Wool is a popular material for overnight cloth diapering when paired with an absorbent fitted diaper. Wool covers (sometimes called wool soakers) generally have a generous cut through the back to accommodate a bulkier overnight fitted diaper, with a high, elasticized waistband and long leg cuffs that are stretchy and soft. The best wool diaper covers are made of merino, which is finely knit, breathable, and not even remotely scratchy to the touch.
Caring for wool is not difficult, just different. You can’t throw wool covers in the wash with your regular diaper laundry because the heat and agitation will felt the wool, shrinking the cover drastically and making it lose is soft stretchiness. So forget everything you know about washing cloth diapers.
Please look right here for a second.
Ok, let’s continue.
Processed wool itself is not magically waterproof. In order to make a wool diaper cover do its job of repelling moisture, it must be lanolized every now and then; that is, coated with lanolin. In addition, wool covers must be hand-washed and air-dryed.
It may sound like a huge, time-consuming hassle, but it’s really not because wool covers don’t need to be washed after every use. I’ve found that washing every 10-12 uses works for me (and I always lanolize them at the same time). You’ll know it’s time to wash/lanolize them if you feel dampness on the outside of the cover in the morning or if they start harboring a slight urine odor. And of course, you should wash them immediately if they get dirty.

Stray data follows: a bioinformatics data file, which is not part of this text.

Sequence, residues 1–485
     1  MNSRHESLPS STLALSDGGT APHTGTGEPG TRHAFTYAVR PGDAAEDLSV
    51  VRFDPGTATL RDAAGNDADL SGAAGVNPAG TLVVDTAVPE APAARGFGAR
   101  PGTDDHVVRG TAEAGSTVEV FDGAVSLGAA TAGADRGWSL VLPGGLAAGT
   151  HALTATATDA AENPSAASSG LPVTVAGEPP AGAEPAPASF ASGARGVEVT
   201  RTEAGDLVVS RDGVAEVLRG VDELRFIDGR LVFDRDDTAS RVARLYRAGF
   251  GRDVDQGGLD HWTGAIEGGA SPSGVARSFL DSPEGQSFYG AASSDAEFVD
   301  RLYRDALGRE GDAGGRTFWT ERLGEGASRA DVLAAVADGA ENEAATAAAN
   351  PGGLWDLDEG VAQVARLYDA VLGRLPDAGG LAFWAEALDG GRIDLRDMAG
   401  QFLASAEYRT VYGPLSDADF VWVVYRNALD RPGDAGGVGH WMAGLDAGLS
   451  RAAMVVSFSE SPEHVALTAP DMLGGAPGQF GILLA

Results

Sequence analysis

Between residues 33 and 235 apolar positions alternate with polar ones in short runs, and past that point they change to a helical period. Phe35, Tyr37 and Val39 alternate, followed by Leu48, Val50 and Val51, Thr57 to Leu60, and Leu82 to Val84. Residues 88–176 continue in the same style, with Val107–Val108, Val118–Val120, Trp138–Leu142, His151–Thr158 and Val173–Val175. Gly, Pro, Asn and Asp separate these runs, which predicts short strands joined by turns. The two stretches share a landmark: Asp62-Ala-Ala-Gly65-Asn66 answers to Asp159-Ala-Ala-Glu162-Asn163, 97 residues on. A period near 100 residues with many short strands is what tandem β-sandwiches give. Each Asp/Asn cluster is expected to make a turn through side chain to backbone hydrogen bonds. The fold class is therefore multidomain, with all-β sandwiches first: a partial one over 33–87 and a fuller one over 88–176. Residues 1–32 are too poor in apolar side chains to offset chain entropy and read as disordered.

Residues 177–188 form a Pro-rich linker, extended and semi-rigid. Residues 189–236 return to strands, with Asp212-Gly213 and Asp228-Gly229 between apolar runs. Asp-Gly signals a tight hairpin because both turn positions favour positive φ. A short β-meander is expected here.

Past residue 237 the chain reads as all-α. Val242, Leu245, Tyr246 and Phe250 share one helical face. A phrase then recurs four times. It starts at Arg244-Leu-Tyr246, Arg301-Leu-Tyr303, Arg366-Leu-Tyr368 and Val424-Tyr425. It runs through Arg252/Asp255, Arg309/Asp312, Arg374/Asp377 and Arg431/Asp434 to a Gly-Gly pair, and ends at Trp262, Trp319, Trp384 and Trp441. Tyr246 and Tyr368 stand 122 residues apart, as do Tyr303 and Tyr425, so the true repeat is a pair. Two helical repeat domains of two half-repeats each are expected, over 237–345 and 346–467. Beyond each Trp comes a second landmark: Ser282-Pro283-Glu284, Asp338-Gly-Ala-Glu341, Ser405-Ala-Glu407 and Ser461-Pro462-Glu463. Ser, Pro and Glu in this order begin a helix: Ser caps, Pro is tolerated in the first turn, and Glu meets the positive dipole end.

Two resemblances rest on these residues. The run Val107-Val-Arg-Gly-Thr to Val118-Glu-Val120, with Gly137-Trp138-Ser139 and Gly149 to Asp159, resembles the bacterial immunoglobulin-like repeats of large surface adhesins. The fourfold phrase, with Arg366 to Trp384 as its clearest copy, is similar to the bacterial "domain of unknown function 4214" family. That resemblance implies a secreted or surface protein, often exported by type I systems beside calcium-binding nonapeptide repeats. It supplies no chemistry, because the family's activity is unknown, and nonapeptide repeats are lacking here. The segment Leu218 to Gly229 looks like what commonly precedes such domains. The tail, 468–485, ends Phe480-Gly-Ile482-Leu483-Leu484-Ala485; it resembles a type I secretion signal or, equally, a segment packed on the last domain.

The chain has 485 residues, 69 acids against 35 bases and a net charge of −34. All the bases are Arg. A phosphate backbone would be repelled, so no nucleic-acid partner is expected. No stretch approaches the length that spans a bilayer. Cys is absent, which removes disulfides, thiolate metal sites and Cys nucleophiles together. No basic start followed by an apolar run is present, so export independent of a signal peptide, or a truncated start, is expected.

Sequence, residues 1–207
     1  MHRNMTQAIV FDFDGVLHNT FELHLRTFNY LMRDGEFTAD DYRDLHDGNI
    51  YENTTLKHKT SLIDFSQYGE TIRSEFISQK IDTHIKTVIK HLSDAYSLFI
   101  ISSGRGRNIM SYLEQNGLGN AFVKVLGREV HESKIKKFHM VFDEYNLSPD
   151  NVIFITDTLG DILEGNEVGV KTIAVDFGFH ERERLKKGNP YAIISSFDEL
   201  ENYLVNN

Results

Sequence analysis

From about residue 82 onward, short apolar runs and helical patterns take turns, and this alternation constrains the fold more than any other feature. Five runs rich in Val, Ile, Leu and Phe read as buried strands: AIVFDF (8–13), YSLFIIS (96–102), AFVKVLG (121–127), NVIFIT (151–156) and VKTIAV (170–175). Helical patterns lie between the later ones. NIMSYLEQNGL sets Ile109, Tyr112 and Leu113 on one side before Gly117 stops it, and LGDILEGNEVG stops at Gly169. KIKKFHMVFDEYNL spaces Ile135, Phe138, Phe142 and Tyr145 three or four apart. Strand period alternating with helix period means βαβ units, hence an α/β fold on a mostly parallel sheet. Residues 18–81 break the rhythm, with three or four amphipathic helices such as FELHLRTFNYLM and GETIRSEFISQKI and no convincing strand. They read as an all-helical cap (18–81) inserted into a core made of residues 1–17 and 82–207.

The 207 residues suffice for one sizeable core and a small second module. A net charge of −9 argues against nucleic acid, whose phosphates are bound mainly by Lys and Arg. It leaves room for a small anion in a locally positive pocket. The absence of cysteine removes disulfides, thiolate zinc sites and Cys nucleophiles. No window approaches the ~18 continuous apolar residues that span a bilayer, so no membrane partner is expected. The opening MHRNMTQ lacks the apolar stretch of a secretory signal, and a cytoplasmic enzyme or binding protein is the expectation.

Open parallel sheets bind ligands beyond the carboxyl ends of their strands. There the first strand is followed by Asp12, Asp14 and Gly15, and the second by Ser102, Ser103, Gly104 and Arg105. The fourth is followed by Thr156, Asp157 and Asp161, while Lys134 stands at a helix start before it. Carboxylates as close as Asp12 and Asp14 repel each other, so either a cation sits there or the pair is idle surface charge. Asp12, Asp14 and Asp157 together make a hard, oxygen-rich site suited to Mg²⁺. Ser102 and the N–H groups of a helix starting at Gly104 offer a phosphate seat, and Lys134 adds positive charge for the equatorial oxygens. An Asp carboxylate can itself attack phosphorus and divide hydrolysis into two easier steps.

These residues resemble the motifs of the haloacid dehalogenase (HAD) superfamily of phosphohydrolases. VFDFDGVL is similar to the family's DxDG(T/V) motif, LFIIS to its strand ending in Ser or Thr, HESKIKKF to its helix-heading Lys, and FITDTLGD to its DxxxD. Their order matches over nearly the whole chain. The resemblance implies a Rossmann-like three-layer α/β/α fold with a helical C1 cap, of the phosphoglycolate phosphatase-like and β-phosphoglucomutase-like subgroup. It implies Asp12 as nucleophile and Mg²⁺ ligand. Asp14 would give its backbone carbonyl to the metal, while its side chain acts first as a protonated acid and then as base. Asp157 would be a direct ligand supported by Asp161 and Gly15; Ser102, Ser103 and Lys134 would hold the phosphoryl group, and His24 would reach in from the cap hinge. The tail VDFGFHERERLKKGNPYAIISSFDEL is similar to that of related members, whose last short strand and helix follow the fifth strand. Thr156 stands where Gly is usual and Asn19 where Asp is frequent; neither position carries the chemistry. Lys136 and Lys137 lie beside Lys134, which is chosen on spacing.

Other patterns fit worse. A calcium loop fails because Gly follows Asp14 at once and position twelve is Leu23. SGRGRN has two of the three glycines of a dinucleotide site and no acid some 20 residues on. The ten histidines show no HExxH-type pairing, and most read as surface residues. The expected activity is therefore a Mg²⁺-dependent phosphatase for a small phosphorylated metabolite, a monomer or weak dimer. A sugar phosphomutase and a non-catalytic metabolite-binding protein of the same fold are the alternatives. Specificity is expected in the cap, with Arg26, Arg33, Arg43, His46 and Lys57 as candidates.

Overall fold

To wash and lanolize your wool (Disana brand pictured below), you need a few supplies:
- Liquid soap for delicate garments (I’m using Eucalan because I have a bottle that is going to last me forever at the rate I’m going; plus it’s a “no-rinse” formula that’s environmentally friendly.)
- Small container for the melting the lanolin in hot water mixture
- Large container for the lukewarm soap/lanolin mixture
- Towel for pressing the excess water out of your freshly washed cover
You can also use a lanolized soap such as CJ’s Wool Wash instead of using lanolin and soap separately. If you use a lanolized soap, skip step 1 below.
Step 2: Mix lukewarm water and soap - about 1 gallon of water to 1 teaspoon of soap. Swish around to make it bubbly. I like to use a whisk so that I can pretend I’m the Pioneer Woman.
You now have a freshly washed and lanolized wool cover, and you also received a little mini spa treatment for your hands. I just love how soft and smoothe my hands feel after their lanolin bath; don’t you?
PS: If your covers feel sticky after this process, don’t worry. It means they are well lanolized. The sticky feeling will go away after a couple of uses. You should never try to strip wool.